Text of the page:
The first British naval man to see Darwin harbour was the very same Lieutenant John Lort Stokes of HMS Beagle in 1839. In Discoveries in Australia, Volume 2, Stokes wrote of the moment in enormous detail. “Before the veil of darkness was quite removed, we could faintly distinguish the mouth of the opening; and the sight at daylight was most cheering. A white bay appearing between two white cliffy heads and stretching away to a great distance, presented itself to our view. Far to the southward, between the heads, rose a small table-topped hill”.
The ship's captain John Wickham agreed to name the port after Charles Darwin, the naturalist who had sailed with both the captain and Stokes on the earlier expeditions of the Beagle.
The Beagle finally went home to Britain in 1843, having completed her tasks of surveying and naming about half of the Australian coastline. On this final trip, the officers and crew had been away for six long years.
The Northern Territory was initially settled and administered by South Australia. In February 1869 George Goyder, Surveyor-General of South Australia, established a small settlement of 135 people at Port Darwin. Goyder named the settlement Palmerston, after the British Prime Minister Lord Palmerston. It is not clear whether Goyder knew the name Stokes had given the place, way back in 1839. Perhaps he assumed that the name just related to the harbour, not to the new settlement?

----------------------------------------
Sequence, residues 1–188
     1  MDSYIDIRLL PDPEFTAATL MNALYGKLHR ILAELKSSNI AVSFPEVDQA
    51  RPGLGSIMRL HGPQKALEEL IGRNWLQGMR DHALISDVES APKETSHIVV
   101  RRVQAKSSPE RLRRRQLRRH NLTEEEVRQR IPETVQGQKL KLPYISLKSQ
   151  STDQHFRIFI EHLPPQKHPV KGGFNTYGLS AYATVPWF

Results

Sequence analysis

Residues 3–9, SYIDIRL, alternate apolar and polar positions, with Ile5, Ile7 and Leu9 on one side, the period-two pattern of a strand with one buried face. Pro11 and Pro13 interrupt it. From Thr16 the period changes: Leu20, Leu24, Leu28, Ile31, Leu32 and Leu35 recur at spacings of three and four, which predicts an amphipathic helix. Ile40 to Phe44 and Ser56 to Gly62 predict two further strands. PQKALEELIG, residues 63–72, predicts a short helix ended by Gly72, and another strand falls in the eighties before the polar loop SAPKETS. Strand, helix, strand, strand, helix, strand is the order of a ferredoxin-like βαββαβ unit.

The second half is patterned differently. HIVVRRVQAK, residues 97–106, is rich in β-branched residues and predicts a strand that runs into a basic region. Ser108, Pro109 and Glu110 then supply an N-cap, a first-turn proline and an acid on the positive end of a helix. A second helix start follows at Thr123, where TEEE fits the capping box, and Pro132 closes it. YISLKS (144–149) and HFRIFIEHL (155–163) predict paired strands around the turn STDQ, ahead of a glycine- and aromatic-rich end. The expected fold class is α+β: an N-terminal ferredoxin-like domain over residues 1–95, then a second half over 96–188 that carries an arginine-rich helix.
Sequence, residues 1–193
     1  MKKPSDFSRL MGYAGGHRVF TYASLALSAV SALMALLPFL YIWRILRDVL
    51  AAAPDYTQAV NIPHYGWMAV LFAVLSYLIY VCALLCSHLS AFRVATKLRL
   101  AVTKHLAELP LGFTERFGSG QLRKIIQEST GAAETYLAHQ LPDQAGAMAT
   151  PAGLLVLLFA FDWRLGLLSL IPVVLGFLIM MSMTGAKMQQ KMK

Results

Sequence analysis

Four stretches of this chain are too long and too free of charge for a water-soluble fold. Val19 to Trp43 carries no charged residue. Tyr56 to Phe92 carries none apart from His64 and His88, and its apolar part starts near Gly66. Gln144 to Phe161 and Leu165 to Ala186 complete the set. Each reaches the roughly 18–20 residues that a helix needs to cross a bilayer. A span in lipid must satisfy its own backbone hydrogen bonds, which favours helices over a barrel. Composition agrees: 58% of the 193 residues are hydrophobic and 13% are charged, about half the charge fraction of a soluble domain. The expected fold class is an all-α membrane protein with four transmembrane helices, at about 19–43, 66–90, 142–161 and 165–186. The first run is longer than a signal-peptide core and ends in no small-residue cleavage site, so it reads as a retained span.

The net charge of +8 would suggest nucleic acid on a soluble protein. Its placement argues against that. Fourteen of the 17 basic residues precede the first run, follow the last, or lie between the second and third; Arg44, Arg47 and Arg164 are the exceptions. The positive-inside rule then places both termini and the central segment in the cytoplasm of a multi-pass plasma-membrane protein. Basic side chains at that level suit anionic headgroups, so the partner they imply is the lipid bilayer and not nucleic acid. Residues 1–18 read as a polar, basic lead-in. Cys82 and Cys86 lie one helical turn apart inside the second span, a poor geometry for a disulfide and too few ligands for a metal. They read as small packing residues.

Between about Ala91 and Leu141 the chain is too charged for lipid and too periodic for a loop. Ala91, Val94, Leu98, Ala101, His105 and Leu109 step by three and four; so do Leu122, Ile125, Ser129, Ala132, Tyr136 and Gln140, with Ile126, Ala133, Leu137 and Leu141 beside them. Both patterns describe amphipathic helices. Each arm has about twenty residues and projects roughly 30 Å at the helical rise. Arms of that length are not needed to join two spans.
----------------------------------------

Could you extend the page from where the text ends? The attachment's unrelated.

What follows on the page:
In 1870, the first poles for the Overland Telegraph were erected in Darwin, connecting Australia to the rest of Australia and to other countries. The discovery of gold at Pine Creek in the 1880s further boosted the young colony's development. But until its transfer to the Commonwealth in 1911, the northern most city remained Palmerston. Only in 1911 did Darwin became the city's official name.
Dictionary of World Place Names Derived from British Names by Adrian Room tells us that Charles Darwin didn’t travel far enough in Australia to see Darwin town. He died, an elderly man, in 1882. But that very same year his son Leonard Darwin, still in the army, led an expedition for the Royal Geographical Society to observe the Transit of Venus. The group spent some time in Palmerston!
The Art Gallery of New South Wales is hosting a conference called Charles Darwin and The Art of Evolution (9th Sep 2010). It will explore the impact of Darwin’s theories upon art and other visual cultures and the ways they, in turn, illuminate intriguing dimensions of his theories. The conference will begin by exploring Charles Darwin’s ventures in Australia through art, his contact with indigenous peoples and his collection of 92 Australian species.